Unaccustomed Earth by Jhumpa Lahiri doesn’t really require much of a review since I have nothing but praise for this author, and especially this collection of short stories. I have been a huge fan of this author ever since I read The Namesake. Her prose is beautiful, insightful and delves into uncomfortable topics, all the while addressing the cultural shifts between traditional and westernized Indian traditions. The young v. the old, parents v, kids, old ideas v. new ideas. Although I am Armenian, there is much in the strife of the youth that I can connect with, having grown up in the US, but being raised with traditional Armenian values. Sadly, Lahiri hasn’t written anything new for quite a while, and I’ve read her other two titles, The Namesake & Interpreter of Maladies.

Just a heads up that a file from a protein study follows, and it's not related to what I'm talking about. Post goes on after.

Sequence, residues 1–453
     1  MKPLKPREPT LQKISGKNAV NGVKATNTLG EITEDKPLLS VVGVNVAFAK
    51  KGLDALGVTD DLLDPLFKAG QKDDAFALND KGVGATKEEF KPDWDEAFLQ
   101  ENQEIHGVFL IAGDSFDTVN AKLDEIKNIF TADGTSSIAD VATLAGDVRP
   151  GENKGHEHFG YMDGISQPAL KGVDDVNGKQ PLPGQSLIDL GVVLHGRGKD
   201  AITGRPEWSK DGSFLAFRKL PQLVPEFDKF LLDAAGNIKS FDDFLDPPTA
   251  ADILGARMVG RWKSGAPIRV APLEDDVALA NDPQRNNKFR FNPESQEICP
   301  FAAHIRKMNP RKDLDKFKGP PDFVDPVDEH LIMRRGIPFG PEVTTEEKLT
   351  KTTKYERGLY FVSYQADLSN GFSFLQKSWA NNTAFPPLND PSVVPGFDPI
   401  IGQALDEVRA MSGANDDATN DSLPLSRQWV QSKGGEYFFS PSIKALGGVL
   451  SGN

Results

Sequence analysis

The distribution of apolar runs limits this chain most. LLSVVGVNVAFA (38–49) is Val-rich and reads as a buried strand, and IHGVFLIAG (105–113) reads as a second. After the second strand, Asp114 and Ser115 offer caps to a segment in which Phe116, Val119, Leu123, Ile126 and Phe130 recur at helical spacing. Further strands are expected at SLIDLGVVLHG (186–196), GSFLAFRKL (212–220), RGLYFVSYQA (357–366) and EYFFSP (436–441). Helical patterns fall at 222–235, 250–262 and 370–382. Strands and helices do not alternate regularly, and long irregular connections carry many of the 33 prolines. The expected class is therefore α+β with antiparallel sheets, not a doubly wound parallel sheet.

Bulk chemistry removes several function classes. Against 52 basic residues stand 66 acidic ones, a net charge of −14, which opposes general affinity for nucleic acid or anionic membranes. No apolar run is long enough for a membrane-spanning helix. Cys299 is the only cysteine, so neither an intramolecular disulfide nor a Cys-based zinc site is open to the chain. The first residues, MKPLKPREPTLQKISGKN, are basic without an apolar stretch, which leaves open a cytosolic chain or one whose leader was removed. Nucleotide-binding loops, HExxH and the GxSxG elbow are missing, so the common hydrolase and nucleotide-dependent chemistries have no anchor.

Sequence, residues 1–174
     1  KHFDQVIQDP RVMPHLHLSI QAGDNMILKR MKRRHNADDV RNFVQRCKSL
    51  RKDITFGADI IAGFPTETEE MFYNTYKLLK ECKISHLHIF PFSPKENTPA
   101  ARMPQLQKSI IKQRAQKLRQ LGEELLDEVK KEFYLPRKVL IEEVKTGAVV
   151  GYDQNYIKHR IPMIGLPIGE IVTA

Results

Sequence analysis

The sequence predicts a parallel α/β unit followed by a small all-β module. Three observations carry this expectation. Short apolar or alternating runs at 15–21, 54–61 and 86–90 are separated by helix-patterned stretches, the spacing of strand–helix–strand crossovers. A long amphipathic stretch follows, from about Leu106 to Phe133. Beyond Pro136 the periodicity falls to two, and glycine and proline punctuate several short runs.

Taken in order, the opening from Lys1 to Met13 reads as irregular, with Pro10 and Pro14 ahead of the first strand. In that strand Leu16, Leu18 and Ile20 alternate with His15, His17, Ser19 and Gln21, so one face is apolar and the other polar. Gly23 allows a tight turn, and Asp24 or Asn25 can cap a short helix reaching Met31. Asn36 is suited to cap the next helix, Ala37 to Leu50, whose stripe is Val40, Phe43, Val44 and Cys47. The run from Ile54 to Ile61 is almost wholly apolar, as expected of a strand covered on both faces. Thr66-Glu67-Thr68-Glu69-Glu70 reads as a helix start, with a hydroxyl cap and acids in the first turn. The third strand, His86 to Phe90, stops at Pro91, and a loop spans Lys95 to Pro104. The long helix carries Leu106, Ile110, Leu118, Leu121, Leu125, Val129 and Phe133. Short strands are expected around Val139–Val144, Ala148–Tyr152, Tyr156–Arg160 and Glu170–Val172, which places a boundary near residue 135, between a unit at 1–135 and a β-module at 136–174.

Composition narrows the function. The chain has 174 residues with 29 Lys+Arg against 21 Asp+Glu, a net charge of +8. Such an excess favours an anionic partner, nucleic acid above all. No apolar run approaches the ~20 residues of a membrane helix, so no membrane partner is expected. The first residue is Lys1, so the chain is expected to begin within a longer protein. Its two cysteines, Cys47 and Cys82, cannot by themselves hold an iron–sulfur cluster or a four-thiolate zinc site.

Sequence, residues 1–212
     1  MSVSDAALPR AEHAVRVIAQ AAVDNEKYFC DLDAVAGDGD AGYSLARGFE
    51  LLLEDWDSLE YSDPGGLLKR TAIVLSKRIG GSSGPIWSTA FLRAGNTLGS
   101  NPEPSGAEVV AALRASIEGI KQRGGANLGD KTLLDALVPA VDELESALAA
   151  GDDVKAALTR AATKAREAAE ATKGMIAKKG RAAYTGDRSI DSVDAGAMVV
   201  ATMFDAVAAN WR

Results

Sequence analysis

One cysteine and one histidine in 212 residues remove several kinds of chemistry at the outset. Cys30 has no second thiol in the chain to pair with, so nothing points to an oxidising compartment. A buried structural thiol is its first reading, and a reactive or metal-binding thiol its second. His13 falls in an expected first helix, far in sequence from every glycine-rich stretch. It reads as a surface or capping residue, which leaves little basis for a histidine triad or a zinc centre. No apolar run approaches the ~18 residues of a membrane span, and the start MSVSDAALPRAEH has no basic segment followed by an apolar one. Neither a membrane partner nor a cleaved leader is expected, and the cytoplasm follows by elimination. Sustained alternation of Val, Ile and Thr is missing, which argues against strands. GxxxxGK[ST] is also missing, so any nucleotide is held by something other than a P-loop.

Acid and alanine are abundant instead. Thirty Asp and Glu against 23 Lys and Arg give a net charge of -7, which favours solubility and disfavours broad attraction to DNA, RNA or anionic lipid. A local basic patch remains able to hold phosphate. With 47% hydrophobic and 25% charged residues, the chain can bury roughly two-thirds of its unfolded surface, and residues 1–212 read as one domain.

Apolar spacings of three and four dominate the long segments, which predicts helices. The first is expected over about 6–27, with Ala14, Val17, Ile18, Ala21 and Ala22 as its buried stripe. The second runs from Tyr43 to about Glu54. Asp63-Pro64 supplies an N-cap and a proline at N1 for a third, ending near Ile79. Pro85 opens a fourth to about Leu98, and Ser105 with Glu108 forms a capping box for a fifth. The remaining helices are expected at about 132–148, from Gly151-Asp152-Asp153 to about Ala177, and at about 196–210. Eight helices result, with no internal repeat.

Melanie Benjamin is another author who requires only a short review. This is her third book, following her trend of historical fiction based on actual historical figures. The Aviator’s Wife takes a look at Anne Lindbergh, one half of the famous Lindbergh pair of the early 20th Century. Although I didn’t like this book as much as The Autobiography of Mrs. Tom Thumb, The Aviator’s Wife was still a gripping tale of one woman’s struggle to define herself, while stuck in the shadows of greatness that defined her husband and her family. I found Anne to be a genuine person, with flaws and ambition like the rest of us. At times I was frustrated with her for not standing up to her bully of a husband more, but then I realized that she wasn’t raised in a culture that embraced woman’s rights. Her struggles and achievements are an inspiration. The book is well paced, and although Benjamin does focus on the “Trial of the Century” of the kidnapping and murder of her first born, it is not the marrow of the novel. Rather, its a short snippet of the long life lived by the pair.